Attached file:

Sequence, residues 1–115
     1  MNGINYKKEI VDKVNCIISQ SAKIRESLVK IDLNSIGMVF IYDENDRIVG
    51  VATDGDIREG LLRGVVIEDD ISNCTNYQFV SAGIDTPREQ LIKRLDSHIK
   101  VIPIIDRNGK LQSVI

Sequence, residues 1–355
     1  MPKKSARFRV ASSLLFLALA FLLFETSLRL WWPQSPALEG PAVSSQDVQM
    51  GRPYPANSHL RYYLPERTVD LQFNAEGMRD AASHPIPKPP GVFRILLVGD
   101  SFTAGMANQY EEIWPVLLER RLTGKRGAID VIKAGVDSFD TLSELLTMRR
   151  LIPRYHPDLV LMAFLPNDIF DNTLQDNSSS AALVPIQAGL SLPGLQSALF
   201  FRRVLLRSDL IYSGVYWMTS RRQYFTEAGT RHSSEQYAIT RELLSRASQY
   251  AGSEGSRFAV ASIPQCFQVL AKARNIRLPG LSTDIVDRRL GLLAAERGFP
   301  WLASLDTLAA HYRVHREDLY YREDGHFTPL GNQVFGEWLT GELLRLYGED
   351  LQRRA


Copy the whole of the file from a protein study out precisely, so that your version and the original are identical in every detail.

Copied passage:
Sequence, residues 1–115
     1  MNGINYKKEI VDKVNCIISQ SAKIRESLVK IDLNSIGMVF IYDENDRIVG
    51  VATDGDIREG LLRGVVIEDD ISNCTNYQFV SAGIDTPREQ LIKRLDSHIK
   101  VIPIIDRNGK LQSVI

Sequence, residues 1–355
     1  MPKKSARFRV ASSLLFLALA FLLFETSLRL WWPQSPALEG PAVSSQDVQM
    51  GRPYPANSHL RYYLPERTVD LQFNAEGMRD AASHPIPKPP GVFRILLVGD
   101  SFTAGMANQY EEIWPVLLER RLTGKRGAID VIKAGVDSFD TLSELLTMRR
   151  LIPRYHPDLV LMAFLPNDIF DNTLQDNSSS AALVPIQAGL SLPGLQSALF
   201  FRRVLLRSDL IYSGVYWMTS RRQYFTEAGT RHSSEQYAIT RELLSRASQY
   251  AGSEGSRFAV ASIPQCFQVL AKARNIRLPG LSTDIVDRRL GLLAAERGFP
   301  WLASLDTLAA HYRVHREDLY YREDGHFTPL GNQVFGEWLT GELLRLYGED
   351  LQRRA